Jouni Laaksonen 5.3.2018
Last week I told how wonderful it is to see animal tracks in winter. Also I listed the common, quite common and rare tracks you will see when ski touring in Finnish Lapland. That post also includes drawings of about 15 animal species.
Now I try to show you how beautiful the tracks can be, and in addition you get a chance to try your skills. There’s only a number before each photo. Take a paper and pen, or open a text document, and try to deduce which animal was in which photo. Answers you find at the bottom of this post.
In some photos there’s a box of matches. The length of the box is 5 cm and width is 3,5 cm. In some photos you see my forest skis, they are 7 cm wide. And the circle at the bottom of my ski pole (what is the English term?) is 11 cm wide.
How many did you get right? Tell us at the comment field!
4 (two different animals here!):
Ok, that was it.
Are you ready for the answers?
Here they come:
- Fox. Fox typically trots straightforward and leaves a pattern like a pearl string.
- Willow grouse landed here and started to walk from one birch to another, to feed.
- Weasel. Two legs land in the same pit and the width of the pit is about 3…4,5 cm.
- Dog on left, on sand. Wolf on snow. A big dog like a leonberg can have as big a paw as wolf. Usually dog paws are smaller, though, and dogs move more erratically than wolfs.
- Black grouse. The bird has slept under snow and left a pile of droppings when getting up.
- Big paw tracks means bear, wolf, wolverine or lynx. Bear and wolverine have larger paws. These are roundish: lynx. Note how the animal has widened its toes as far out as possible, to avoid sinking in the snow.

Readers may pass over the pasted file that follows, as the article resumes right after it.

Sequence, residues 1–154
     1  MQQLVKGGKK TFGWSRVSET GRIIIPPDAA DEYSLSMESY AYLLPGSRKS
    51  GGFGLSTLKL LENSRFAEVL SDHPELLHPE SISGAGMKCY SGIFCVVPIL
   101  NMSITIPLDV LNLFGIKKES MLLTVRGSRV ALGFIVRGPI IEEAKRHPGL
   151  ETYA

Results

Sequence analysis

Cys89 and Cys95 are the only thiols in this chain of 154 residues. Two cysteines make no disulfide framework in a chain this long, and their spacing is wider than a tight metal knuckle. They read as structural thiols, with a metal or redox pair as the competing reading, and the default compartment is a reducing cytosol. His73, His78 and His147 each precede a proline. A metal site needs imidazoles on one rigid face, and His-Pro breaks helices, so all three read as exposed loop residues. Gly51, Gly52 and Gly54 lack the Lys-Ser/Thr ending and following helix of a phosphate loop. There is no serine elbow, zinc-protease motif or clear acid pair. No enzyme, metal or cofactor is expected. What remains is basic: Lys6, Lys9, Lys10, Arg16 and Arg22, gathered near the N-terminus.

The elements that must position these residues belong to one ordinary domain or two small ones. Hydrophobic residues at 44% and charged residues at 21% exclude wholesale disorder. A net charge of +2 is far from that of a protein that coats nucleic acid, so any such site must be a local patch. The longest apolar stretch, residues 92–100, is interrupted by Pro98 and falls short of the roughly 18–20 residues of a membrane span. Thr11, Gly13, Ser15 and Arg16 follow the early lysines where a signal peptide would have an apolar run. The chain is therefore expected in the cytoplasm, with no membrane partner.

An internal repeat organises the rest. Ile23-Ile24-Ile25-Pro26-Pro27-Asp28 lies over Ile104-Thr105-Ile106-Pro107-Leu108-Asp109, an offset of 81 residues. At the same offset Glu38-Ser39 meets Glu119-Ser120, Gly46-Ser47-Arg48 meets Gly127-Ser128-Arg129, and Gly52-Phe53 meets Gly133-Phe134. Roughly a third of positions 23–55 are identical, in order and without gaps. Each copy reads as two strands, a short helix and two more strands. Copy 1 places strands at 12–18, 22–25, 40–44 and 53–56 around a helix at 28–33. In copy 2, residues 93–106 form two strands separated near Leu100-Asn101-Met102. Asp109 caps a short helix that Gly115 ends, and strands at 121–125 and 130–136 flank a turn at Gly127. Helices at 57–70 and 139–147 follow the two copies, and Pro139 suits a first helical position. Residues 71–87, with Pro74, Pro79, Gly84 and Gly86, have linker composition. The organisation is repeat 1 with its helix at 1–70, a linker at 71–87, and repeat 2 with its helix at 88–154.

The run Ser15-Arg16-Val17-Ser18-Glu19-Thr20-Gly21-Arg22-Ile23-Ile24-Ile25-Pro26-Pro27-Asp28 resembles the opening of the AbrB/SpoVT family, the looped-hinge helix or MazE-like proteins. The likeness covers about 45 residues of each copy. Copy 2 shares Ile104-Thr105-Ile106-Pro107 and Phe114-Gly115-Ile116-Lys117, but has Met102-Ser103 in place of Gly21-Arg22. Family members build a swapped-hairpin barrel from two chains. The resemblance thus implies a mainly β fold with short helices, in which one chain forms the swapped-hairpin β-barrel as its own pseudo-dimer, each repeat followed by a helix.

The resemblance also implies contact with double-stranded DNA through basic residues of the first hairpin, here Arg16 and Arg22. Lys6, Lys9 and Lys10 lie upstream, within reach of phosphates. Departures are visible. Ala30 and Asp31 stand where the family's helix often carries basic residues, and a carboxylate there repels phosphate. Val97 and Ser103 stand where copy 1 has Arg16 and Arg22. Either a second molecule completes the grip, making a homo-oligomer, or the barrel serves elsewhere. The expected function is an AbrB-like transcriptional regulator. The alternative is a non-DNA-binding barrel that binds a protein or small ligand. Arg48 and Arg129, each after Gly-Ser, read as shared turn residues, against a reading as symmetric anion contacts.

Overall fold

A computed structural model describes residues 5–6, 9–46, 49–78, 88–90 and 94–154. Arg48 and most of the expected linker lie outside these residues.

- Pine martin. The width of the track pit is about the same as my ski pole, 11 cm. That means it is not mink or some smaller Mustelidae.
- Red squirrel. No other animal leaves this kind of a pattern in Finland.
- Otter. In theory otter leaps like pine martin, but in practice the body of otter usually touches snow between jumps, and the track looks like this. An otter likes to glide on snow in downhills, and it’s great fun to see such a track. You start to imagine the animal is having fun out there!
- Wolverine is not a big animal, but it has a thick fur and looks larger than it is. And it has very large paws, way bigger than even wolf. Wolverine typically jumps along like this when the snow is not hard.
- Capercaillie (maybe sometimes known also as wood grouse) is the largest bird that walks on ground in Finland. It is also quite a symbol to old-growth forests and wilderness, a great sight to see tracks, or a bird jumping up to flight in front of you.
- Reindeer. It is late springwinter, not very much of snow any more, and lots of needles on snow. Note reindeer droppings, a typical heap of small black pebbles.
* * *
It is still full winter, but the days are already much longer. Are you thinking of next summer’s holiday already? Next week I try to give tips in case you choose to travel to Finland and want to do some great hiking.
6 thoughts on “Tracking test”
I got nine right! :-).
Wolf and dog went opposite in my guessing.
Is weasel lumikko or kärppä? I guessed the track to be the bigger one, kärppä, but online dictionary gives both animals when translating “weasel” from english to finnish.
Thank you for a nice test! 🙂
Good job, Anna! And thanks for pointing out that weasel may mean both lumikko and kärppä. I thought weasel is always the smaller one, lumikko in Finnish, and ermine the bigger one, kärppä. But seems weasel can sometimes mean both of them… So, number 3 is the smaller one, Mustela nivalis.